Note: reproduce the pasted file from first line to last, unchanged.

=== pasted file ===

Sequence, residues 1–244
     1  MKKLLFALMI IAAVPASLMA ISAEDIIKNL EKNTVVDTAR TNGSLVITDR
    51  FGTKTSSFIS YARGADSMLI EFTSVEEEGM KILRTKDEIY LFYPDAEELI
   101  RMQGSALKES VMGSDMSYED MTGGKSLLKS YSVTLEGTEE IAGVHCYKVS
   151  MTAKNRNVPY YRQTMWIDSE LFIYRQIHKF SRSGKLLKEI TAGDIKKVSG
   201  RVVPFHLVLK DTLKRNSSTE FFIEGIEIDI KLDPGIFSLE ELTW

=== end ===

Sequence, residues 1–244
     1  MKKLLFALMI IAAVPASLMA ISAEDIIKNL EKNTVVDTAR TNGSLVITDR
    51  FGTKTSSFIS YARGADSMLI EFTSVEEEGM KILRTKDEIY LFYPDAEELI
   101  RMQGSALKES VMGSDMSYED MTGGKSLLKS YSVTLEGTEE IAGVHCYKVS
   151  MTAKNRNVPY YRQTMWIDSE LFIYRQIHKF SRSGKLLKEI TAGDIKKVSG
   201  RVVPFHLVLK DTLKRNSSTE FFIEGIEIDI KLDPGIFSLE ELTW